The week-long SEPTA strike, which had students and faculty in a transportation limbo, ended Monday.
The announcement came at 5:30 a.m. on Monday morning from Gov. Ed Rendell, after a negotiation session between the union and SEPTA management that lasted throughout the night.
Many Temple students and area residents said they were happy that SEPTA resumed its services.
Christine Bottoms, a junior psychology major, said the transit strike prevented her from making it to class.
“I live in Northeast Philadelphia and I had to miss class on Monday and Tuesday,” Bottoms said. “I missed a test but, luckily, my teacher let me make it up. Most of my teachers were understanding, but I had friends who had teachers who didn’t let them make stuff up.”
The strike only affected the subway and bus systems. The regional rail, which works under a different union, did not strike.
“Thank God for that, because if the regional rail had gone on strike, I would have been screwed,” Tony Di Polvere, a graduate journalism student, said.
Since the rails were the only transit line open, many of the trains were delayed, and students had to wait in long lines to board the trains.
“The only way it affected me directly was that the R-6 was about 20 minutes late every day,” said Di Polvere.
Mary Parker, a SEPTA employee for 21 years who works as an attendant at the Cecil B. Moore subway station, said she was happy to be back to work.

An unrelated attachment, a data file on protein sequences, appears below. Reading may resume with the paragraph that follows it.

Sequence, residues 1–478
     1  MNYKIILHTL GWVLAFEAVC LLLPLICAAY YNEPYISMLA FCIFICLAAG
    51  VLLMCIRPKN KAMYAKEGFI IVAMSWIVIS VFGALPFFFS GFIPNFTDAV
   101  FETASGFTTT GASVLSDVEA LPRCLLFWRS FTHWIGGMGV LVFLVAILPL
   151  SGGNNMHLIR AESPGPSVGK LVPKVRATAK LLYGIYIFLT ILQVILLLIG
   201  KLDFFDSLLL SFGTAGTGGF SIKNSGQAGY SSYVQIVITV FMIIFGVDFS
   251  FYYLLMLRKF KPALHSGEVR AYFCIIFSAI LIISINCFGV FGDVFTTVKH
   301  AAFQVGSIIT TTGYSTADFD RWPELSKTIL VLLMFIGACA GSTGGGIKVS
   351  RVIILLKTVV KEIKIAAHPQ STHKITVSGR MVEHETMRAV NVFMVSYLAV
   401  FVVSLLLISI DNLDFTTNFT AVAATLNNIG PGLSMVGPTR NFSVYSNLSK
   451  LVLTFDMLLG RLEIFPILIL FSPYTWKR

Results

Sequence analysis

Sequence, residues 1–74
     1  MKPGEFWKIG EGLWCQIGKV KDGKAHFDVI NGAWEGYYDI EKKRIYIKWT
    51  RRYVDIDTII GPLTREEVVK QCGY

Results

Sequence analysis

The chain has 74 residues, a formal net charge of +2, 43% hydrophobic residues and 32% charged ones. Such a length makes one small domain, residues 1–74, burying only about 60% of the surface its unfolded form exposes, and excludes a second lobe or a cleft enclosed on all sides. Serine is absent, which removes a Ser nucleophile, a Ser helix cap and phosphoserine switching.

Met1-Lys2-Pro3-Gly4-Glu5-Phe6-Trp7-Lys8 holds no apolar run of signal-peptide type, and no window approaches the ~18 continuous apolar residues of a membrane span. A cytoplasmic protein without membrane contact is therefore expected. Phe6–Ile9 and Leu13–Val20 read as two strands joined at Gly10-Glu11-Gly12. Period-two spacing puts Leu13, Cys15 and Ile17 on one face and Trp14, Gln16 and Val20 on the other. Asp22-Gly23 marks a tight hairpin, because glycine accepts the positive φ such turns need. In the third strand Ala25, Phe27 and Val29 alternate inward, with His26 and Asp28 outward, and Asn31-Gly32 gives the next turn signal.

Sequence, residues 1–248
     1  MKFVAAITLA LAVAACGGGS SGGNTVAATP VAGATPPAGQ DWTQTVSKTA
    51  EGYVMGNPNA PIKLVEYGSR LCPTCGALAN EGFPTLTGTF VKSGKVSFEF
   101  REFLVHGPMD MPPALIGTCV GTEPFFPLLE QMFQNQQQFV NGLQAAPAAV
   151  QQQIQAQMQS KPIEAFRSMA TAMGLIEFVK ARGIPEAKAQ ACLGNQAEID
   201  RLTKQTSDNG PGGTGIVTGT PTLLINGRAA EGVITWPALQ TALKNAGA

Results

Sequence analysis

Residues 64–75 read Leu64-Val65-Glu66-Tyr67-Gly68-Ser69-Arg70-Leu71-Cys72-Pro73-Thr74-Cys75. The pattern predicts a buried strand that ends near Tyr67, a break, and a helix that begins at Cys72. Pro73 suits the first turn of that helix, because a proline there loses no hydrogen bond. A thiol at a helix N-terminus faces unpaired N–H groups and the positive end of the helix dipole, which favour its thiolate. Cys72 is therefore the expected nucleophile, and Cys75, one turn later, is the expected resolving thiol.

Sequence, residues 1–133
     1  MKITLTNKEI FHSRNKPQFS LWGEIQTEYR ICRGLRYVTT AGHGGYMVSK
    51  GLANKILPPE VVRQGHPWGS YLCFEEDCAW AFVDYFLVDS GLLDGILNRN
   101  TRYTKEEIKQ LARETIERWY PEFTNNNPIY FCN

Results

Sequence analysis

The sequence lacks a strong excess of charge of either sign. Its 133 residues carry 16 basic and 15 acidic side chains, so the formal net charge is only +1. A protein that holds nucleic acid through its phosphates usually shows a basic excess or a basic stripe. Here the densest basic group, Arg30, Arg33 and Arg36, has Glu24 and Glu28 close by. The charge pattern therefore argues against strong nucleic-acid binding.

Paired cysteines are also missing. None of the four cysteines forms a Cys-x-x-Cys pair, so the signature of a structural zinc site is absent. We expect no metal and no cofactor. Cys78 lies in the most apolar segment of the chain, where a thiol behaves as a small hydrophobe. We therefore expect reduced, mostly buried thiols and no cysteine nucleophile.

“I spent the week stretched out on my couch,” Parker said. “But I’m excited to get back to work. I’m happy.”
In order to try to help students who would have normally used SEPTA to get to and from Center City, Temple offered continual bus shuttle services along Broad Street.
The university stopped the shuttle service at noon on Monday.
“We posted updates [by] about mid-morning, and put updates on the Web site as well as the telephone hotline,” said Mark Eyerly, Temple’s chief communications officer. “The shuttle service stopped service at noon, because all of transit lines would be running again by the evening rush hour.”
Temple also put up a Web site to help place students with rides to and from campus.
Bottoms said she used the service to find a neighbor who would be able to give her rides.
“I had to drive to school with a complete stranger,” Bottoms said. “It worked out well; the kid was nice, and he was actually in one of my classes …”
Eyerly said the university did the best they could to provide students with alternative forms of transportation.
“We provided thousands of rides on the shuttles during the week,” Eyerly said.
City residents who live around campus were also affected by the strike.
Joe Bryant, 50, lives in South Philadelphia and commutes to his job as a caregiver in Northeast Philadelphia.
He said he spent a lot of time walking last week.
“I had to call up a couple of favors from old friends to give me rides,” Bryant said.
Bryant, who was not able to use Temple shuttles, said he would have been happy if he had been given the opportunity.
Eyerly said although there were some problems, the student reaction has been positive.
“The measures [the university] took worked about as well as it could. With the increased volume of traffic, sometimes it took longer to get from point A to point B than riders would have liked, or we would have liked,” Eyerly said. “That’s a result of the traffic volume verse the capacity for us to handle it.”
“You can’t replace the transit system of one of the largest cities in America, but if you can get to Broad Street, or if you can get to regional rail, you can get to Temple.”
Emily Catalano can be reached at email@example.com.